New secondhand product sales ordinance coming

October 30, 2010
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What began three months ago as a proposed ordinance that irritated Grand Rapids city commissioners and incensed operators of the city’s smallest businesses has apparently turned into an acceptable regulation that both groups believe they can live with.

“I talked to some antique dealers on the west side and they didn’t have a problem with this,” said David Schaffer, 1st Ward city commissioner.

City commissioners agreed last week to substitute a revised ordinance for one that was presented to them in June, which required all businesses that buy and sell secondhand merchandise to report all transactions electronically to the city’s police department. Business owners said then that having to follow that requirement would be too costly and would likely force them to close their doors.

But the latest version requires that primarily pawnbrokers must file the electronic reports. The new proposal exempts other licensed secondhand merchants such as antique dealers, clothing consignment shops, used-book stores, art galleries and nonprofit organizations that sell used goods from the requirement.

“We have revised the ordinance to exempt certain dealers from electronic reporting,” said Margaret Bloemers, assistant city attorney. “This version of the ordinance meets the needs of the city of Grand Rapids.”

Under the new version, the city’s pawnbrokers will have to electronically report and tag all property they receive on a daily basis and then hold the merchandise for 15 days before putting it up for sale. The items the police department is most interested in keeping track of are electronic goods like computers, televisions and video-game players — items that are often stolen from homes and businesses.

Captain Jeff Hertel, who commands the city’s detective bureau, said pawnbrokers are regulated under different laws than other secondhand merchants, and their customers have the ability to buy back the goods they sell. Hertel, who has spoken with quite a few merchants over the past three months, explained that antique dealers generally buy their goods from brokers and estate sales.

“The ones that I talked to don’t take a lot of items off the street,” he said.

The new ordinance does require all secondhand dealers, regardless of the type of goods they sell, to be licensed, to keep a record of all purchases and exchanges of used items, and report any transaction that involves an electronic item. The format to be used for making that report can be negotiated with the police department.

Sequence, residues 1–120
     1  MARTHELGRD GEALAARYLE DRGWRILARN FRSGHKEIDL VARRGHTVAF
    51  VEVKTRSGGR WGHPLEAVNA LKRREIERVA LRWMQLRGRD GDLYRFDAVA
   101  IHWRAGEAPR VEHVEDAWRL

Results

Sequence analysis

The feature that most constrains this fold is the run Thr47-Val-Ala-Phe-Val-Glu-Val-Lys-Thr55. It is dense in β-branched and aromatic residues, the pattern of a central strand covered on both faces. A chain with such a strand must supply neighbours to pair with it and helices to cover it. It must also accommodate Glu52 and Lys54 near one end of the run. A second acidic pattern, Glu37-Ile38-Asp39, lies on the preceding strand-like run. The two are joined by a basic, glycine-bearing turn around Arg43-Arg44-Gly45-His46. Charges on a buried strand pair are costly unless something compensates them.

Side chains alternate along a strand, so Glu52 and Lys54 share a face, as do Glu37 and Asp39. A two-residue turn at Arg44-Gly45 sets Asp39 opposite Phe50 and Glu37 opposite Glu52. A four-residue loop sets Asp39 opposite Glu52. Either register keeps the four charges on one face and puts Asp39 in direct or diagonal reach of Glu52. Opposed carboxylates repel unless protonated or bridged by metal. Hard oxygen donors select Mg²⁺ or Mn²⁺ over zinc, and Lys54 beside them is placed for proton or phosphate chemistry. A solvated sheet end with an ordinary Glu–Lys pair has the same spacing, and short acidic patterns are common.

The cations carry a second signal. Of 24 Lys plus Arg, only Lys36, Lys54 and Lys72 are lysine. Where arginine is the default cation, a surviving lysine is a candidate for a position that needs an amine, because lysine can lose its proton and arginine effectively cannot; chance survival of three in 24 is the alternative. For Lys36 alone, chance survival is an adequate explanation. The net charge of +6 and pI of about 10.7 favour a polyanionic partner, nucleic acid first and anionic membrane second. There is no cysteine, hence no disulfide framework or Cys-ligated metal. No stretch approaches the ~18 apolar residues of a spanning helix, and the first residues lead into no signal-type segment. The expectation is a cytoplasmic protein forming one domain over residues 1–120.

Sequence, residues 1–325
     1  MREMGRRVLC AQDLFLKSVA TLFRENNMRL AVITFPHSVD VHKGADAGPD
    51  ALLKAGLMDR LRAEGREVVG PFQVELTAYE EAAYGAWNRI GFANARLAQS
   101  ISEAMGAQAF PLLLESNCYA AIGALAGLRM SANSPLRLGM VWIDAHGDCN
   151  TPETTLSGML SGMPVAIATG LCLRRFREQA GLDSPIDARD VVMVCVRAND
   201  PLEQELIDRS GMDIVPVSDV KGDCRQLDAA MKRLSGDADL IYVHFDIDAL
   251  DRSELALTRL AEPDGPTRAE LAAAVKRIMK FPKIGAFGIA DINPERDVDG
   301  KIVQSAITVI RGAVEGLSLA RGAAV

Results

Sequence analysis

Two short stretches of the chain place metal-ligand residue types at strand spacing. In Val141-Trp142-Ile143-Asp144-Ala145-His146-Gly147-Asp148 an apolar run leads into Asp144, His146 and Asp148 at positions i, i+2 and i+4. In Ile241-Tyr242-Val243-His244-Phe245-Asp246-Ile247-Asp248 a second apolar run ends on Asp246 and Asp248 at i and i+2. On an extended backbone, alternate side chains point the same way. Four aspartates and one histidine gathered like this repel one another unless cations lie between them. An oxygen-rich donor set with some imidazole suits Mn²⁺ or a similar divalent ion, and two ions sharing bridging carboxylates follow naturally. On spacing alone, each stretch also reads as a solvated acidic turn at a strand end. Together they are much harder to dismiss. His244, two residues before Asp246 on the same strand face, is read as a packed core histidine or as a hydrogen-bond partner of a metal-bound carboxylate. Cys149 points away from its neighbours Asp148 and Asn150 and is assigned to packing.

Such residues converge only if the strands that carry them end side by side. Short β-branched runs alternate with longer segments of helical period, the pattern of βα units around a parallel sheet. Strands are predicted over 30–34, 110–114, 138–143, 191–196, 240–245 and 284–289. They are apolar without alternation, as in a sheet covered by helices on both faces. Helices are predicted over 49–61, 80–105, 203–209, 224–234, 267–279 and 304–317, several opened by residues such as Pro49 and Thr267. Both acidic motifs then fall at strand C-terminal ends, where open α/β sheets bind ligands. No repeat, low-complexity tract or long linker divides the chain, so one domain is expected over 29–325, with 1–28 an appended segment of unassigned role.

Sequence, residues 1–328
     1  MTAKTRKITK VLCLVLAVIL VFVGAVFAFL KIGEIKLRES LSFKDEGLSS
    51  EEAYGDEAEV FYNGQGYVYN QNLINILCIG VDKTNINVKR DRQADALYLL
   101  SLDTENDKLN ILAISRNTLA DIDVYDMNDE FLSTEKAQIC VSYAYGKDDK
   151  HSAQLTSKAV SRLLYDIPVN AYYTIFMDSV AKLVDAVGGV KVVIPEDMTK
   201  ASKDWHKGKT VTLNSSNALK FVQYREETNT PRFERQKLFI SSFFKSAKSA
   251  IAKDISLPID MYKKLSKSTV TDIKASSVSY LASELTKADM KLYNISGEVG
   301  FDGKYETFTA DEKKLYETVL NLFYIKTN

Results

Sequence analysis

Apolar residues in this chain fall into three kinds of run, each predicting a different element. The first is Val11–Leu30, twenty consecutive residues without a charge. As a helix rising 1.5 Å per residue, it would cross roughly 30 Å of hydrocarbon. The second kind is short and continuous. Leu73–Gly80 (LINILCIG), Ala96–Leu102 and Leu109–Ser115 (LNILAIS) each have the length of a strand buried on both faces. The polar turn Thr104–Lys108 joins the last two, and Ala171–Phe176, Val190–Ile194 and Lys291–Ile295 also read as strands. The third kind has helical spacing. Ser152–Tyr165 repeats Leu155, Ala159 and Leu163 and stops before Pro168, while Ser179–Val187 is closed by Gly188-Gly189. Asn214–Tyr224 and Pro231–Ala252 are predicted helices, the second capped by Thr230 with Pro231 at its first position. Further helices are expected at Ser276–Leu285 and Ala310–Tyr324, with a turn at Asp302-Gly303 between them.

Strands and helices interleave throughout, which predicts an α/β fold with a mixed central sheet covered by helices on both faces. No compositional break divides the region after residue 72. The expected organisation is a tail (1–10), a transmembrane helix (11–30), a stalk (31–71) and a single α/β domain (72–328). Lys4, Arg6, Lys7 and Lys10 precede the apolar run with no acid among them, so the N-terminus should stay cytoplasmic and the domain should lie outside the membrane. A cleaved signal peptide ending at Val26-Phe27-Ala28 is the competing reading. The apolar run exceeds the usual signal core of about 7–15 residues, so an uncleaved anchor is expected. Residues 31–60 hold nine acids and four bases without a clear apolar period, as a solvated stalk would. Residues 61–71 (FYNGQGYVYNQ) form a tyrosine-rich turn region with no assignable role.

Despite the changes to the ordinance, Bloemers said the new version meets state requirements. Hertel added that a similar ordinance is used in Washington, D.C., and it has resulted in a lot of stolen goods being recovered.

Although city commissioners unanimously substituted the new version for the old one, they haven’t approved the revision and aren’t likely to take that vote until Nov. 30. They will hold a public hearing on the matter Nov. 16. Second Ward Commissioner Rosalynn Bliss said the timeframe will give business owners a few weeks to review the ordinance and ask questions about it before the commission makes a decision. First Ward Commissioner Walt Gutowski said he was pleased that business owners took the time and made the effort to help shape the new ordinance.

Another ordinance is expected to come before commissioners Nov. 30. This one deals with hooking up to the city’s water and sewer systems, and Mayor George Heartwell angrily took issue last week with anonymously sent postcards that he said contained outright lies about the ordinance. “I consider this to be a piece of dirty work,” he said.

Heartwell said the postcards were mailed to city residents and to those who live in communities the city services with water and sewer. He said the postcards incorrectly reported that the new ordinance would force people to hook up to the system and be charged $30,000 to do that.

“It’s a lie. It’s not true,” said the mayor.

Heartwell said the ordinance would only require someone to join the city’s system if their septic system failed. “The best thing you can do with that postcard is to tear it into little pieces,” he said, “and then recycle it.”

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